This formula can be approximated to:

• H = f*f/(N*c)

The approximation corresponds to definition 2 of the hyperfocal distance on Wikipedia (it is also mentioned on the DOFMaster Website).

See also my glossary of terms for the two different definitions of the hyperfocal distance. In the following, I use the first formula (or definition 1) for calculating the depth of field.

## Calculating the Depth of Field

The DOFMaster Website bases its formulae for the depth of field (DOF) limits on the hyperfocal distance H and calculates the near and the far DOF limits (near limit Dn, far limit Df) using the following formulae:

• Dn = s*(H-f)/(H+s-2f)
• Df = s*(H-f)/(H-s)

where H = f*f/(N*c) + f = hyperfocal distance, according to definition 1 in Wikipedia; f = focal length [mm], N = f-number, c = circle of confusion [mm], s = distance set at the lens [mm]; Dn/f values will be in mm and have to be divided by 1,000 to be in meters.

You can calculate the hyperfocal distance according to one of the two formulae above and then enter the value into the DOF formulae above. The DOF formulae based on the hyperfocal distance H are also useful for calculating the near and far limits (= the DOF) for the extreme case that distance is set to infinity. This is helpful when adopting Merklinger's approach to estimating depth-of-field in landscape photography. See below for the derivation of the results.

As with the hyperfocal distance, the circle of confusion plays (CoC) an important role in the DOF calculations. However, I transformed the formulae so that both, the formula for the near limit and the one for the far limit look, very much the same*. This similarity helped me when using Excel for calculating the DOF tables, particularly when searching for errors.

However, I prefer to arrive at formulae, in which the near and far limits depend only focal length, f-number, circle of confusion, and distance. Therefore, the hyperfocal distance needs to be substituted by its definition.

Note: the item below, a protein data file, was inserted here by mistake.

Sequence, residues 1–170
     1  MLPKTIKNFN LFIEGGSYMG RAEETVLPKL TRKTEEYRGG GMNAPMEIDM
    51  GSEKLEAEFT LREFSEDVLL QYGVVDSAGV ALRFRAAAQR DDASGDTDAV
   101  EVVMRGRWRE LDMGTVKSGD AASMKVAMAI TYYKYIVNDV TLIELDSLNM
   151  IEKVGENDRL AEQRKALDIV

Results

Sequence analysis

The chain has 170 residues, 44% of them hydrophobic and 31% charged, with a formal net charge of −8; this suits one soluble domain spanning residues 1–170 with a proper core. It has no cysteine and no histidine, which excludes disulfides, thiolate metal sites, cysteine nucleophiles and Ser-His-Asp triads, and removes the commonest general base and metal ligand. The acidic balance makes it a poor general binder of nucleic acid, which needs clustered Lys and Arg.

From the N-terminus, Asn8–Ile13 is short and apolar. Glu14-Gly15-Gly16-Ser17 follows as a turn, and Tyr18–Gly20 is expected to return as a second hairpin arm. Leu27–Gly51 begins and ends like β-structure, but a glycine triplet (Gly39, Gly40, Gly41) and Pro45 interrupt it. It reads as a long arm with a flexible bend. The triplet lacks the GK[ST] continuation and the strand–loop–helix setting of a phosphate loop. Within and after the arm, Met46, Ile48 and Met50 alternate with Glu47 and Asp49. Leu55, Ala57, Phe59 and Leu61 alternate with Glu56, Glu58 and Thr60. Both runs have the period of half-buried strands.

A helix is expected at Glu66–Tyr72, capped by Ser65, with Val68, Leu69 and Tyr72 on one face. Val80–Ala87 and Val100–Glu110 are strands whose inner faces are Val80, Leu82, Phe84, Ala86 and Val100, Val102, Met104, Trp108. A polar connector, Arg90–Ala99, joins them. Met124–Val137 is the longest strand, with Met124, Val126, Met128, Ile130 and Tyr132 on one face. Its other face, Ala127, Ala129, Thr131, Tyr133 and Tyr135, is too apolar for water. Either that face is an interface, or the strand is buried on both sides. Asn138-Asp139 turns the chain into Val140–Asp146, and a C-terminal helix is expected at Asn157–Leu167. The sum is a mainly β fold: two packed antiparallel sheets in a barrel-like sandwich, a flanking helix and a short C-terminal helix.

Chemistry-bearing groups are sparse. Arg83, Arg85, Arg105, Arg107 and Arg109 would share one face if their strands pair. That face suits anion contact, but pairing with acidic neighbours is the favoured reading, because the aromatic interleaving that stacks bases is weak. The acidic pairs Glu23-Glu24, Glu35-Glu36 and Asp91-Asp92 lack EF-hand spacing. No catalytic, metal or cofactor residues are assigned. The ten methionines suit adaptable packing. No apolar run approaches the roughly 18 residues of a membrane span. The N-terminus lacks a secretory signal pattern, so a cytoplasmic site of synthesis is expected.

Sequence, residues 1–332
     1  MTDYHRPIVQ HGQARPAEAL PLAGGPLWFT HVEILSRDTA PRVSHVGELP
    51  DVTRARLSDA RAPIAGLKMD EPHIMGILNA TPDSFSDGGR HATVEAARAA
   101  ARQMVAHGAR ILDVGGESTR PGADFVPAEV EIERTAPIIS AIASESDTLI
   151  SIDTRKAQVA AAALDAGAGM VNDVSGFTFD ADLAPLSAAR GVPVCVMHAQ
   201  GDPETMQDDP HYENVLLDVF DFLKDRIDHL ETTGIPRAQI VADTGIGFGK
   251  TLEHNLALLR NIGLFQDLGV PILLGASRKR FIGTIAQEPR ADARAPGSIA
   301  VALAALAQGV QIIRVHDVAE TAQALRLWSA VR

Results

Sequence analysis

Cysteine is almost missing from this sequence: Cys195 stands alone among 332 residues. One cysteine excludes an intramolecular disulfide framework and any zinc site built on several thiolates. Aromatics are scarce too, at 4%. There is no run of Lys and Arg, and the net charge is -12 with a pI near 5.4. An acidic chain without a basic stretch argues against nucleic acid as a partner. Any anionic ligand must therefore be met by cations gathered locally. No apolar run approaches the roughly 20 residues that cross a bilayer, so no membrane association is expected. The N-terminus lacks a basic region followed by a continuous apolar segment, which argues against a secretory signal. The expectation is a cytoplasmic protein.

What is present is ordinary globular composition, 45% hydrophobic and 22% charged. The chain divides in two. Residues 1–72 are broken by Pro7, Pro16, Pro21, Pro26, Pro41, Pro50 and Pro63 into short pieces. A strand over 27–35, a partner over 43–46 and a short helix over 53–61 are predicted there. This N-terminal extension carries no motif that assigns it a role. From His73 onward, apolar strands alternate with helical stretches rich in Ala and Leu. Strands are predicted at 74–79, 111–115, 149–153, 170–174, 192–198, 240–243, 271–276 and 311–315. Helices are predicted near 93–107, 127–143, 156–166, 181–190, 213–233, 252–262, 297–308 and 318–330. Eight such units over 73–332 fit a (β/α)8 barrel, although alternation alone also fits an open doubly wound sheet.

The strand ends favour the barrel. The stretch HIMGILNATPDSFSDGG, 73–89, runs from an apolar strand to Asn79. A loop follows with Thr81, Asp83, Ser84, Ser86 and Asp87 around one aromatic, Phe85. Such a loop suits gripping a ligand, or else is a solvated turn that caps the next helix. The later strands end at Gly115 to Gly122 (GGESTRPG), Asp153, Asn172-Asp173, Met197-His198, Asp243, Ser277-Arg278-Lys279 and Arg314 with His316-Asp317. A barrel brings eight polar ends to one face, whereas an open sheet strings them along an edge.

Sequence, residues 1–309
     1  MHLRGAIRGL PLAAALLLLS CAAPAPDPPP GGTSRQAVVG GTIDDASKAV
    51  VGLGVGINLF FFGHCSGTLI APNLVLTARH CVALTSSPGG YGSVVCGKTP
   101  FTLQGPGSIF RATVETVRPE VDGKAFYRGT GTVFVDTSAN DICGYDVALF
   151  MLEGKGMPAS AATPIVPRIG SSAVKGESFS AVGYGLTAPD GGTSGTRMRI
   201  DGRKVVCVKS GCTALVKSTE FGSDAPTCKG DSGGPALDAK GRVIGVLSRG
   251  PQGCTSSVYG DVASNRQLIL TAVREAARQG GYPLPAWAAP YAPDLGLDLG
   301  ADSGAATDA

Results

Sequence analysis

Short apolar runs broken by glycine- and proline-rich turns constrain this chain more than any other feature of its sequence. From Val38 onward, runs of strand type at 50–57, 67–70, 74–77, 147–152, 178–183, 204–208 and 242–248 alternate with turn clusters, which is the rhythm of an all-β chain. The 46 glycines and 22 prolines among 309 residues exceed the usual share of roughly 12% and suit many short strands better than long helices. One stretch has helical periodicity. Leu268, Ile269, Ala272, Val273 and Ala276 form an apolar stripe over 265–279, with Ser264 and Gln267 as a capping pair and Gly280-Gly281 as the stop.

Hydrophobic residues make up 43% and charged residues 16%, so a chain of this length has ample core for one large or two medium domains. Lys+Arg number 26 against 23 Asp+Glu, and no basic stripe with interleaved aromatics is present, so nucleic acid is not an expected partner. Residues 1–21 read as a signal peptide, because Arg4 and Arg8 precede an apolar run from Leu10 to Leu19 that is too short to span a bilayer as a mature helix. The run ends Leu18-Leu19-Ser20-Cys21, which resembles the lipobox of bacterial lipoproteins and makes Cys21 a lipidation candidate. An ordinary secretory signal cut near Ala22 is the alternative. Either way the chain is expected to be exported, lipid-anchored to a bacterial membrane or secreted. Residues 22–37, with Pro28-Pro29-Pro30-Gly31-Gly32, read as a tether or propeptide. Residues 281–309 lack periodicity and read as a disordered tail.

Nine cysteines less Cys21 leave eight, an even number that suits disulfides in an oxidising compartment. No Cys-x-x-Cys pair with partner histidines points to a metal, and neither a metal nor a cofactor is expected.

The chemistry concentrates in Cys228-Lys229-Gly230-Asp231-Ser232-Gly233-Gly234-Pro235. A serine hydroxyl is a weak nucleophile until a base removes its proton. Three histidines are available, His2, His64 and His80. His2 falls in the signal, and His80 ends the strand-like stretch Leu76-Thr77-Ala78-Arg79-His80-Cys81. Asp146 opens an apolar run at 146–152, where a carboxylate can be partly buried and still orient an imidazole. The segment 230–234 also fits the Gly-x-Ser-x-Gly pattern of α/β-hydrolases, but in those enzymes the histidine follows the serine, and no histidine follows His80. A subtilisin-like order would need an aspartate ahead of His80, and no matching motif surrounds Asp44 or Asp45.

Substituting the hyperfocal distance H in the near/far limit formulae with its definition leads to:

• Dn = s*f*f/(N*c*(f*f/N*c)-f+s)
• Df = s*f*f/(N*c*(F*F+f-s)

After some transformations, I arrive as the following formulae for the near limit Dn and the far limit Df:

• Dn = s/(1+(s-f)*N*c/(f*f))
• Df = s/(1-(s-f)*N*c/(f*f))

In these formulae, the near and far limits Df/n depend only on three parameters (just like the hyperfocal distance...) plus the distance s set at the lens:

• f-number N (aperture),
• focal length f, and
• circle of confusion c (which can be regarded as an indicator of the sensor size)
• distance s set at the lens.

By the way, using the approximation for H (or definition 2), actually leads to more complex formulae and minor (or major) differences when the different calculations are compared.

Note: Like for the hyperfocal distance, exact f-numbers and real focal lengths have to be used in the calculations.

### Approximation (Wikipedia)

Wikipedia uses approximations of the formulae for DOF and hyperfocal distance to calculate Dn and Df:

• Dn = s*H/(H+s)
• Df = s*H/(H-s) for s<H

For H, it uses the approximation:

• H = f*f/(N*c)

Substituting H leads to the following approximate formulae:

• Dn = f*f*N*c*s/(f*f+N*c*s)
• Df = f*f*N*c*s/(f*f-N*c*s)

The above or these formulae lead to minor (or major) differences when the different calculations are compared.

### Special Case: Lens Focused at Infinity

The DOFMaster formulae for the near and the far depth of field limits Dn and Df are useful for inspecting a special case, namely, distance set to infinity:

• Dn = s*(H-f)/(H+s-2f) - approximation (from Merklinger): s*H/(H+s)
• Df = s*(H-f)/(H-s) - approximation (from Merklinger): s*H/(H-s)

where f = focal length [mm], H = hyperfocal distance [mm], s = distance set at the lens [mm]; Dn/f values will be in mm and have to be divided by 1,000 to be in meters. Now we let s go towards infinity:

• Dn = s*H/(H+s-2f) - s*f/(H+s-2f) = H/(H/s+1-2f/s) - f/(H/s+1-2f/s) => s=>inf => Dn = H/(0+1-0) - f/(0+1-0) = H - f = H
• Df = s*H/(H-s) - s*f/(H-s) = H/(H/s-1) - f/(H/s-1) => s=>inf =>Df = H/(0-1) - f/(0-1) = -H + f = -H

The approximations lead to just Dn = H, Df = -H. A negative HFD means a distance beyond infinity, that is, sharpness is at infinity.

Thus, as Merklinger does (and Boone as well), we can state that, when we focus any lens at infinity, the near limit (based on the CoC criterion!) is the hyperfocal distance and the far limit is infinity.

If you do not believe my calculations, you can simply look at the photos below:  Set the distance to infinity and read the near distance or hyperfocal distance from the "near" mark - here f/16 Move the infinity mark to the "far" marker for the chosen f-number - here f/16 - to set the hyperfocal distance  Set the distance to infinity and read the near distance or hyperfocal distance from the "near" mark - here f/8 Move the infinity mark to the "far" marker for the chosen f-number - here f/8 - to set the hyperfocal distance

Photos: When distance is set to infinity, the "near limit" is just the hyperfocal distance, as the photos in the right column prove...

## Why Do I Get/Find Different Values from the Ones Published on this Site?